Printing opinion columns shouldn't be based on popularity

April 03, 2010|By TIM ROWLAND

I was plenty familiar with Alex Knepper's writing. He had penned a number of op-ed pieces for us, and from the standpoint of raw talent, I regarded him as being among some of the better local writers appearing in The Herald-Mail's opinion pages during the past decade. Not bad, considering the kid was maybe 14 or 15 at the time.

I don't share all that much in the way of Knepper's politics, but I respected the fact that he didn't write junk - that is, he could be inflammatory, but not necessarily predictable. He could filet a liberal with the best of them, but his angles usually were fresh and his style was, and is, marvelously entertaining.

So of course, he's now in hot water.

Now a student at American University, Washington County's Knepper wrote a column for the school paper suggesting that a woman who drinks to excess at a party and then retreats to a male student's residence has no grounds to charge date rape "after you sober up the next morning" should things go poorly.


More than 400 mostly angry, often furious, comments later, the editors of the school paper created a new policy to review columns before publication (They didn't before? Ah, a columnist's nirvana) and reject or change pieces that are deemed to be controversial for the sake of controversy itself.

Knepper, now 20, said the editors were surrendering to "a bunch of campus leftists using Stalinist intimidation tactics."

If Knepper believes he is being original by comparing newspaper editors to Stalin, he's bound to be sorely disappointed, but forget that for the moment.

If he hasn't already, Knepper is bound to learn that the only thing that makes people madder than publishing something that isn't true is publishing something that people wish was not true.

Knepper's language probably dances too close to the now-discounted premise that rape victims have somehow "asked for it" through their behavior and dress. But he does bring up issues of personal responsibility and risky behavior that we wish we didn't have to think about because we wish they were not true.

Whether you walk home by way of a well-lighted path or by way or a dark alley, you would like to think that you would be just as safe either way. You wish, in short, that you have the right not to be hurt. Which you do. It's just that the chances of that right being violated can be increased or decreased by the choices we make.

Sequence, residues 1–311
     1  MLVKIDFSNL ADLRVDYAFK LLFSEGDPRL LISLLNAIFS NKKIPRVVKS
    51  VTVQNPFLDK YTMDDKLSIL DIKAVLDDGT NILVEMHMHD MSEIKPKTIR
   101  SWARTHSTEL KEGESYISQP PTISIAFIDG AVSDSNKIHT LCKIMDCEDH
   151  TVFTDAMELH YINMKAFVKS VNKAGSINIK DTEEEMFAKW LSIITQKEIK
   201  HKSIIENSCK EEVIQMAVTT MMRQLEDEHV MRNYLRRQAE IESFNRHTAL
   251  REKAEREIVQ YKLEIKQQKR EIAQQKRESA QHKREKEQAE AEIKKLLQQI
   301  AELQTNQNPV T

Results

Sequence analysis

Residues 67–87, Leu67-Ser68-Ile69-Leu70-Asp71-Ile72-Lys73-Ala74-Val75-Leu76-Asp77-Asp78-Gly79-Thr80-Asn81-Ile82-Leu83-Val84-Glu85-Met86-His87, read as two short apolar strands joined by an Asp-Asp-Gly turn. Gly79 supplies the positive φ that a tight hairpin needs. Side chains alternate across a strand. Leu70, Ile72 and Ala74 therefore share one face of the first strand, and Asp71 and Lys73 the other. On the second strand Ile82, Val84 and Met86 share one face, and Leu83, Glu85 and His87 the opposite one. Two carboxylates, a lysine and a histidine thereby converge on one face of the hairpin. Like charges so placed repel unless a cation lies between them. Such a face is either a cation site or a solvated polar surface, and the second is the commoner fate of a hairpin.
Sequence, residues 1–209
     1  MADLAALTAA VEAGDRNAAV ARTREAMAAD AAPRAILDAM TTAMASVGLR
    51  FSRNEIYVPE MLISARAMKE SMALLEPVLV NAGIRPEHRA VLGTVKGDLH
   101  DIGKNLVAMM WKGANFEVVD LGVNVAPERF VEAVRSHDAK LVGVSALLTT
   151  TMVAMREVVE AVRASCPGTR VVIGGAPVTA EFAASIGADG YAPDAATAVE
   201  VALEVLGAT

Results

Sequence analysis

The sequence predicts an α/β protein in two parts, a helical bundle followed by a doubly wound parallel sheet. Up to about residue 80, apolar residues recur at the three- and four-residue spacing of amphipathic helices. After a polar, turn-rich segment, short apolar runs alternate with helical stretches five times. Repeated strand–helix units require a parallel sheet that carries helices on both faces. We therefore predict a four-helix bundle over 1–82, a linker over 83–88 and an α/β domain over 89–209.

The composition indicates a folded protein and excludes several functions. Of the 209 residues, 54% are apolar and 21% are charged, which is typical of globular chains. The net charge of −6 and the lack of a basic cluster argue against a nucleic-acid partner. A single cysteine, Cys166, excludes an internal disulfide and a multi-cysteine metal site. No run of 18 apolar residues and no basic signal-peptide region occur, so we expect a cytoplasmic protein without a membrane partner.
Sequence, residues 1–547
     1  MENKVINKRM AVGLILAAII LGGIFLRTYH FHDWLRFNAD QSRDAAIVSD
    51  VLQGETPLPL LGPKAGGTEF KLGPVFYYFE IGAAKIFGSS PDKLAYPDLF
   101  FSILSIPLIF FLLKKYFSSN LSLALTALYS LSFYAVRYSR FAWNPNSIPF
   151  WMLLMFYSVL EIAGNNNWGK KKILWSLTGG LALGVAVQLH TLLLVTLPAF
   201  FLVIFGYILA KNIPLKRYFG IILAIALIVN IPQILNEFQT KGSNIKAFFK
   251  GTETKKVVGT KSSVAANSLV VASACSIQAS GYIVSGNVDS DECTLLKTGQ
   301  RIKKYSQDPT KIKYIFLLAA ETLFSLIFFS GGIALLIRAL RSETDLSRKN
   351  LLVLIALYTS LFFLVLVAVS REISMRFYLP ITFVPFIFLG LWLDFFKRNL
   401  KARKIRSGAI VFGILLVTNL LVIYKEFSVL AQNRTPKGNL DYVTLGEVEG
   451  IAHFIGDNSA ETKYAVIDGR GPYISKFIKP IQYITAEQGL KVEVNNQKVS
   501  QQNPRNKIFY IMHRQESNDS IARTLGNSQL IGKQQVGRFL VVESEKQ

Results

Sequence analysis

Stated in calmer language, this idea seems more food for thought than, as the paper's editors said, an idea written "more to insult than to start a good dialogue."

True, at least to some degree, Knepper is probably in it for the reaction and considers any column that doesn't incite a riot to be a borderline failure. But provocative speech is as old as the nation. So is the right to respond to that speech in kind, as so many American University students did.

The passion and articulation are, to a writer at least, wonderful to see, My wife, Beth, probably summed it up best. She read Knepper's fire-breathing column over my shoulder, along with many of the enraged, spittle-dripping responses. She got a misty look in her eyes and said, "Oh, to be young again."

Good, passionate writing is part of good living. Very few things are as satisfying to me as picking up a paper and turning to an opinion piece that I absolutely, positively know I am going to hate.

Knepper says he probably will stop writing for the school paper. I hope he doesn't mean it. The paper's editors say they will be more careful in the future about what they print. I hope they don't mean that, either.

The only truly disturbing thing to come out of this whole affair is the thought that opinions might or might not be disseminated based on their popularity. If the paper is only going to publish columns that it believes its readers will like, it might as well abolish its editorial page once and for all.

Tim Rowland is a Herald-Mail columnist. He can be reached at 301-733-5131, ext. 2324, or by e-mail at"> Tune in to the Rowland Rant video under">, on or on Antietam Cable's WCL-TV Channel 30 at 6:30 p.m. New episodes are released every Wednesday.

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